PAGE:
Ever since books were first published with covers, and back when adults first realized they could boss young kids around by disguising life lessons with dumb metaphors and idioms, people have for centuries preached the same sing-songy phrase. “Don’t judge a book by its cover,” they say with a haughty little smirk, almost always wagging a chastising finger at the listener while they’re at it.
While I completely understand the sentiments behind that tired, old saying, I was certain I could justify judging an overly-hyped rap musical by its petticoat.
When the Broadway show Hamilton first hit the stage in February 2015, I found myself totally incapable of stifling my incredulous laughter. Think about it. The performance features one of America’s most infamous founding fathers spitting rhymes instead of signing documents, honing his hip-hop moves when he should be penning eloquent letters.
As an incredibly enthusiastic critic of all-things arts and entertainment, I thought the whole thing sounded pretty darn preposterous. After reminiscing on my longtime career as a student enrolled in various Massachusetts academic institutions, I couldn’t recall a single iota of theatrical enjoyment any history classes had ever provided me. Here I was in the birthplace of the American Revolution—my entire life spent mere miles from Winthrop’s glowing “City Upon a Hill”—and not one of my history teachers ever got me hooked on American history. So I thought stubbornly while glaring suspiciously at the critically-acclaimed Hamilton soundtrack on Spotify, why start now?
Of course, I can appreciate a quality rap song when I hear one, but I wouldn’t say I’m at all enthralled by the genre. If I wanted a modern spin on my fourth grade American History lessons, I’d simply dust off my brother’s old Liberty’s Kids VHS and play Kendrick’s Untitled Unmastered in the background in place of the animated adventure series’ (undeniably catchy) theme music. Why pay hundreds to watch a glitzy Broadway biopic of an adulterous historical figure beatboxing when you could spend that money on, well, anything else?
I began compiling a list of things one could buy today that would prove far more valuable than Hamilton tickets—400 average-looking goldfish, 25 of those weird child leashes, a $200 Blockbuster gift card—when my curiosity got the better of me and my finger pressed play on Spotify’s Hamilton (Original Broadway Cast Recording) soundtrack. “Pff,” I thought haughtily to myself with a scoff. “Considering all the hype surrounding it, this thing better be the greatest contribution to society since Sour Patch Watermelon and the implementation of instant replay review in major league sports combined.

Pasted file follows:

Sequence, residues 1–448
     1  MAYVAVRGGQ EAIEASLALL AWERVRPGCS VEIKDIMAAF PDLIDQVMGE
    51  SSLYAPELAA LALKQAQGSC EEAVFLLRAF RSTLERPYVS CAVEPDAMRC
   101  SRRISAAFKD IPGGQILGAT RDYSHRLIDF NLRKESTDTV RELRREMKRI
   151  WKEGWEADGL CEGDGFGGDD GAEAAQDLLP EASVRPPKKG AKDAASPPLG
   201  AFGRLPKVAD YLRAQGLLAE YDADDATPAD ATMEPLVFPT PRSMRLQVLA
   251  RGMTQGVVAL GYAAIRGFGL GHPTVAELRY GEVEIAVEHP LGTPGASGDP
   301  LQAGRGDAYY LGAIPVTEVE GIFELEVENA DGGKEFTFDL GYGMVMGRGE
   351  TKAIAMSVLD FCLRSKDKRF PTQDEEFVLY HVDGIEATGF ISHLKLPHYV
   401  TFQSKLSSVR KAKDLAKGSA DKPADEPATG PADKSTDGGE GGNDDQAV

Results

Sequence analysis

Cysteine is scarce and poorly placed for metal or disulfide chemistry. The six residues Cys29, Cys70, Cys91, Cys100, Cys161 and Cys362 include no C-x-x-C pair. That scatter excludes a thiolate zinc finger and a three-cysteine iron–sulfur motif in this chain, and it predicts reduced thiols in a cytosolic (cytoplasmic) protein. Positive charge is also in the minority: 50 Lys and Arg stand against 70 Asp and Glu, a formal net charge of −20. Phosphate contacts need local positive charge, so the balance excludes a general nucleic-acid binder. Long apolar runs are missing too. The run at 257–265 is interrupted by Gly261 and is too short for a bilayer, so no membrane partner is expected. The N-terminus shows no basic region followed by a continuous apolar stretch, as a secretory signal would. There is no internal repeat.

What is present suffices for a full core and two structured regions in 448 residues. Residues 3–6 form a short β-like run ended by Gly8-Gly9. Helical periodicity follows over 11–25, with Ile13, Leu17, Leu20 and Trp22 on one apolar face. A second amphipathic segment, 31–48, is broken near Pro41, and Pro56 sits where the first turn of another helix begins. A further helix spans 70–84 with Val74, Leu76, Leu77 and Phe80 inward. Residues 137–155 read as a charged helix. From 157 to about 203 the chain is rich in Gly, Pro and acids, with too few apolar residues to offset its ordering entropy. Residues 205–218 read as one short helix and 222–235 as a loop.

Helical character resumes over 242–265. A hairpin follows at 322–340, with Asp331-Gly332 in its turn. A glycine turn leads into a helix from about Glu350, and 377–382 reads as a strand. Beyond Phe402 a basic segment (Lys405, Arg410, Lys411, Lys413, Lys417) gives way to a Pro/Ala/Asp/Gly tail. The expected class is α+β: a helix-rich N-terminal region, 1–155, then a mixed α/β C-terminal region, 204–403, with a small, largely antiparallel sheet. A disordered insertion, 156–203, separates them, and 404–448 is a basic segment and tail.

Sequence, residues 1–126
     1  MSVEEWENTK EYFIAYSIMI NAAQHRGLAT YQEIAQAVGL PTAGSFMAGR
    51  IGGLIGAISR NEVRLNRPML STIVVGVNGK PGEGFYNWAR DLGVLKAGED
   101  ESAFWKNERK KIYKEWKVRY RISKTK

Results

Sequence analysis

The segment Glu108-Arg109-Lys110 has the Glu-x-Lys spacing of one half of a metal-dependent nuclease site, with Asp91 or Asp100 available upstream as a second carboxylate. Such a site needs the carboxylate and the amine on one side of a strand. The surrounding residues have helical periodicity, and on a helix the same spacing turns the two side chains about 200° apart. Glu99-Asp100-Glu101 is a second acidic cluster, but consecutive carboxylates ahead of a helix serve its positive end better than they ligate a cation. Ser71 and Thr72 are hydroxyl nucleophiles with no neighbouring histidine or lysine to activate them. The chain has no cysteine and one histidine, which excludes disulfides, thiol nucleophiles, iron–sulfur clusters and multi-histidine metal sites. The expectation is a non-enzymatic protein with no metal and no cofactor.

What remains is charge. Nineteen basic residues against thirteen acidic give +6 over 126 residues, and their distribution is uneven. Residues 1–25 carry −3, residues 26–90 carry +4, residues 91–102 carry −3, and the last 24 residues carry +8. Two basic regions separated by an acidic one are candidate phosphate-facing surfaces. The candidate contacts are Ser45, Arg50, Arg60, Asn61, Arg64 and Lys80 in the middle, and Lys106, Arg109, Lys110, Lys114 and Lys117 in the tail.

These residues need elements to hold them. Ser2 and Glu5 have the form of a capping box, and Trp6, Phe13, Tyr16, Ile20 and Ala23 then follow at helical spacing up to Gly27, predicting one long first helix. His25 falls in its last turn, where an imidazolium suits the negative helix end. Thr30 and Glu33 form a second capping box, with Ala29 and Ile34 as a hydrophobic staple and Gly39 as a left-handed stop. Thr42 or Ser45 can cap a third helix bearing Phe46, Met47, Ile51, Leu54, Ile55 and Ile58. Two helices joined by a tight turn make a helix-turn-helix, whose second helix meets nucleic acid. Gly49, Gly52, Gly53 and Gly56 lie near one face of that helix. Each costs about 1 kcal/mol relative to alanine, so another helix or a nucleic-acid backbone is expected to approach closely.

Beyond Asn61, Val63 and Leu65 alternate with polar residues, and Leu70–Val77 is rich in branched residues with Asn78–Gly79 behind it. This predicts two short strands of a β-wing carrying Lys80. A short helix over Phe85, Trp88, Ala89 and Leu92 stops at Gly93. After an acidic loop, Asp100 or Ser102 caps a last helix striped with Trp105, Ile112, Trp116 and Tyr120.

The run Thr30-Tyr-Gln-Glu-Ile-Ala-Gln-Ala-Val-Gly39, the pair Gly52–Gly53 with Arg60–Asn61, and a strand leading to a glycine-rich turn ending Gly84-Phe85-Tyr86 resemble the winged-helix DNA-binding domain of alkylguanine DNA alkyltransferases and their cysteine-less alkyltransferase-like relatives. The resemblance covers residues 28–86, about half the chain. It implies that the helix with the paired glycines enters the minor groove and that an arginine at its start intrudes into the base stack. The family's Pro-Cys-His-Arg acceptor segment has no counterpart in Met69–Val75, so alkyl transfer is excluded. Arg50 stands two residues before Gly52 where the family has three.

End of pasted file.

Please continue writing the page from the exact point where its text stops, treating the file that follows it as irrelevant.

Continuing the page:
To my surprise, and initial chagrin, it is.
Every song on the soundtrack is an unquestionable hit—a perfectly-produced, rap-infused ode to one Alexander Hamilton, who turns out to be a pretty kick-ass supporter of the Constitution. Of course, if someone slapped an impressive rap/R&B album and intricate dance choreography onto my relatively ordinary life story, I’m pretty sure I’d seem like the coolest college kid on the block, too. But the thing about Hamilton is that it isn’t ordinary—not in the least. Rather than detracting from its quality, the musical’s outlandishness and blatant, bizarre nature only adds to its ever-growing hype.
Hamilton creator Lin Manuel-Miranda is a genius—and not simply because I now have a new guilty pleasure playlist at my disposal. He’s a groundbreaking artist who created meaningful, poignant, and thought-provoking content that’s unlike anything already out there.
Ultimately, I blame Boston College’s Easter break for providing ample time for me to check this thing out. The more I think about it though, I blame myself for being so close-minded. I let my initial, knee-jerk reaction—one that said “no way” when Broadway began boasting a Burr vs. Hamilton rap-duel instead of a real one—limit my idea of what art qualifies as worthy.
If there’s one thing I’m sure of, though, it’s that I blame Hamilton. Soon, I’ll be out a few hundred bucks when the show comes to Boston. You can bet that I’ll be there.
Featured Image By Associated Press